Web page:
Stephen Dando-Collins. Publications citing this paper. Showing 1-2 of 2 citations. Indefinite Detention, Colonialism, and Settler Prerogative in the United States. Country of Publication.

Standing Bear Is a Person is the fascinating behind-the-scenes story of that landmark 1879 court case, and the subsequent . He has written four books, including the acclaimed Caesar's Legion

Standing Bear Is a Person is the fascinating behind-the-scenes story of that landmark 1879 court case, and the subsequent reverberations of the judge's ruling across nineteenth-century America. He has written four books, including the acclaimed Caesar's Legion. From Booklist: In 1877 the Ponca Indians were forcibly and illegally removed from their fertile croplands in Nebraska and taken to barren land in Oklahoma by the Bureau of Indian Affairs. Standing Bear, a clan leader, told the BIA that the land was unsuitable for farming, and that the Ponca wished to return home.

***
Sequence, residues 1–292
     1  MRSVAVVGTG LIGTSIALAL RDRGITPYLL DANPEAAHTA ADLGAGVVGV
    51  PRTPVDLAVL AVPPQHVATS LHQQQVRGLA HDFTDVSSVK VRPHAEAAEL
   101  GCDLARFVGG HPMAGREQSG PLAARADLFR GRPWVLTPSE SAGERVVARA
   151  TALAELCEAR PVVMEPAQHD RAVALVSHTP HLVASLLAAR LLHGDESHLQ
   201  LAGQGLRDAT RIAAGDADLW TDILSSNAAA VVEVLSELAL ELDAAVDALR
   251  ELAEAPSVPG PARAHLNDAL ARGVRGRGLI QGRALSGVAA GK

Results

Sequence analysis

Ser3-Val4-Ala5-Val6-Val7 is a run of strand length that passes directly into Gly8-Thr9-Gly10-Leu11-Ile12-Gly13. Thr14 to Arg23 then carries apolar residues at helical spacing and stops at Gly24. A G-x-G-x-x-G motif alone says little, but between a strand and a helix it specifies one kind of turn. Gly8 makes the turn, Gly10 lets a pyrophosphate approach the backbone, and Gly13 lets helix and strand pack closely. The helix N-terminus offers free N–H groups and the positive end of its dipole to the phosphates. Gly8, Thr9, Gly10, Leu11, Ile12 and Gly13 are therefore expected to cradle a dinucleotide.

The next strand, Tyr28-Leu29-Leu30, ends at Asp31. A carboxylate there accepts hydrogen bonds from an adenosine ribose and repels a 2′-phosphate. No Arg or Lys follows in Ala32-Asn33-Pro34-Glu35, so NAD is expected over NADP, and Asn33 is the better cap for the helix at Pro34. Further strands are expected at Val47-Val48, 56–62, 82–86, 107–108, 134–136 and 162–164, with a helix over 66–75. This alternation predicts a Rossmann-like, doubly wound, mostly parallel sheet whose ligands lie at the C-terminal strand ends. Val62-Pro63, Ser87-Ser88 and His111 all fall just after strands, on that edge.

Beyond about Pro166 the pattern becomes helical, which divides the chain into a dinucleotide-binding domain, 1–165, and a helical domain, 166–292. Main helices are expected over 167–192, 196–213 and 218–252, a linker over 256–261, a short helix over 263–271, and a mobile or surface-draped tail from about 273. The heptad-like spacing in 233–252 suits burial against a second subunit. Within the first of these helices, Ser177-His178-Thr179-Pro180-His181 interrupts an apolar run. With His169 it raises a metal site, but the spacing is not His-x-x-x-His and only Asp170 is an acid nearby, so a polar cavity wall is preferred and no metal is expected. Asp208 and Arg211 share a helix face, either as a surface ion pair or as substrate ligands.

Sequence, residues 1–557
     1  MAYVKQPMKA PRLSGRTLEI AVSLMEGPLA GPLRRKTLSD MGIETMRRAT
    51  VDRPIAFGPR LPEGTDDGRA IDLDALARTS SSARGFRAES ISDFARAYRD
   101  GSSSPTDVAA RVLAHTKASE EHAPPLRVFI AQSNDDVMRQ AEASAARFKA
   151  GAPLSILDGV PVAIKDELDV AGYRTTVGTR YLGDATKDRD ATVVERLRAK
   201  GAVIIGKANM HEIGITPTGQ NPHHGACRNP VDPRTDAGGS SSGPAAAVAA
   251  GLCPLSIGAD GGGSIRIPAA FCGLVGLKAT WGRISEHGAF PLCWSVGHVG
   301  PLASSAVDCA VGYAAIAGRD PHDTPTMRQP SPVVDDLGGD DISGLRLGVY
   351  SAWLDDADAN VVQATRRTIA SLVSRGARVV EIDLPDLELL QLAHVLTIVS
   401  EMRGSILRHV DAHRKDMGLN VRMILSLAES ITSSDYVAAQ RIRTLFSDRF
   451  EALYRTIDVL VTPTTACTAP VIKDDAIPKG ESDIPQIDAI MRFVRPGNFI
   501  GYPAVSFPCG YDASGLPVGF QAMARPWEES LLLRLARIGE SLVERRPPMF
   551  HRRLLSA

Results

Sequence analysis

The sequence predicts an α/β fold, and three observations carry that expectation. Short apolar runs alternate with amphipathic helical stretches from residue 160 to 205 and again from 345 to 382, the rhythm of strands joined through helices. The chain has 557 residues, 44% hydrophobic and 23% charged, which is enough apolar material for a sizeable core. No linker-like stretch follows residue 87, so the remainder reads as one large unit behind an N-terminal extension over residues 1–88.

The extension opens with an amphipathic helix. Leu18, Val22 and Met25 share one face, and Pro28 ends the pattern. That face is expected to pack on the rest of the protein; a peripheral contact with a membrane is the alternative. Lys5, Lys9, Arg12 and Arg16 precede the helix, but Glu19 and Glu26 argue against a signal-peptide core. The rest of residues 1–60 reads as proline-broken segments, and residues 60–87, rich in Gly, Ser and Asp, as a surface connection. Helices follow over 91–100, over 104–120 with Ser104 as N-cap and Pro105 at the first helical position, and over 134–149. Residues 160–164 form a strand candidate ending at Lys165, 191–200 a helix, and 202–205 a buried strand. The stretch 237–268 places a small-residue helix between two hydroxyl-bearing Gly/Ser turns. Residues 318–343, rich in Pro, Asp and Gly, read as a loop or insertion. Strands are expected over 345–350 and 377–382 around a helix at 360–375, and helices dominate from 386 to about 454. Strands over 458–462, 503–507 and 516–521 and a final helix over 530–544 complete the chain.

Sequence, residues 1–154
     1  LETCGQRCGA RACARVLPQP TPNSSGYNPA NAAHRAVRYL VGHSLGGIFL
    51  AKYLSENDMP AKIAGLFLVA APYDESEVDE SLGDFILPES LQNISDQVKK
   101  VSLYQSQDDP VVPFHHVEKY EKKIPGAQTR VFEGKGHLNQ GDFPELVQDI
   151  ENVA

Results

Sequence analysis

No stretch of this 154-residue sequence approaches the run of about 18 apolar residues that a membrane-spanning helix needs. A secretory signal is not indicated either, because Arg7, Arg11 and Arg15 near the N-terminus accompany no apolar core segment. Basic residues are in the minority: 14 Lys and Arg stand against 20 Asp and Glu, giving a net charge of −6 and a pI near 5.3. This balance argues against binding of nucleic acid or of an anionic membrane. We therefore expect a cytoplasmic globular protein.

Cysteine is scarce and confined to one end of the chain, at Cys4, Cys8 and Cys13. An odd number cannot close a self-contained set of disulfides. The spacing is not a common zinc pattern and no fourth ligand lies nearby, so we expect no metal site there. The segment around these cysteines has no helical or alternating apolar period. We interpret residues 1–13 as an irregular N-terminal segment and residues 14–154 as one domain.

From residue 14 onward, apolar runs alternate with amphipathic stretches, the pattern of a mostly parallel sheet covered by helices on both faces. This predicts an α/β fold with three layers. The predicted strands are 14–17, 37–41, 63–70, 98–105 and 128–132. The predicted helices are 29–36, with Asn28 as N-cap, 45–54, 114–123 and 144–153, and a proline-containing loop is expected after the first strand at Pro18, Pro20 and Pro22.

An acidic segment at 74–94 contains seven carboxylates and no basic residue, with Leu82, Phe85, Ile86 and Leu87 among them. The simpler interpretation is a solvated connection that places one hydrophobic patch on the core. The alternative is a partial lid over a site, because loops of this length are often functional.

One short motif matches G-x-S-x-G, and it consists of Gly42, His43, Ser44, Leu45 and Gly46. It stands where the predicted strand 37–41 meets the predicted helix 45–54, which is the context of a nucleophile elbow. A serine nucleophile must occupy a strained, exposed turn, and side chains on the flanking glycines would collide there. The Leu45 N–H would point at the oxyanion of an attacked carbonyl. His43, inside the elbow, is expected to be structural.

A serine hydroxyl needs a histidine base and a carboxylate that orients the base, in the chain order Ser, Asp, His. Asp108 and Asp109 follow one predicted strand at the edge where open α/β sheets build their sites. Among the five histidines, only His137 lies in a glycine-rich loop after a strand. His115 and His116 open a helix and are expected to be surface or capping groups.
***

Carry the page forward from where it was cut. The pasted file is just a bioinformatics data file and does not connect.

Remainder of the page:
In 1877, Standing Bear and his Indian people, the Ponca, were forcibly removed from their land in northern Nebraska. In defiance, Standing Bear sued in U.S. District Court for the right to return home. In a landmark case, the judge, for the first time in U.S. history, recognized Native American rights-acknowledging that "Standing Bear is a person"-and ruled in favor of Standing Bear. Standing Bear Is a Person is the fascinating behind-the-scenes story of that landmark 1879 court case, and the subsequent reverberations of the judge's ruling across nineteenth-century America. It is also a story filled with memorable characters typical of the Old West-the crusty and wise Indian chief, Standing Bear, the Army Indian-fighting general who became a strong Indian supporter, the crusading newspaper editor who championed Standing Bear's cause, and the "most beautiful Indian maiden of her time," Bright Eyes, who became Standing Bear's national spokesperson. At a time when America was obsessed with winning the West, no matter what, this is an intensely human story and a small victory for compassion. It is also the chronicle of an American tragedy: Standing Bear won his case, but the court's decision that should have changed everything, in the end, changed very little for America's Indians.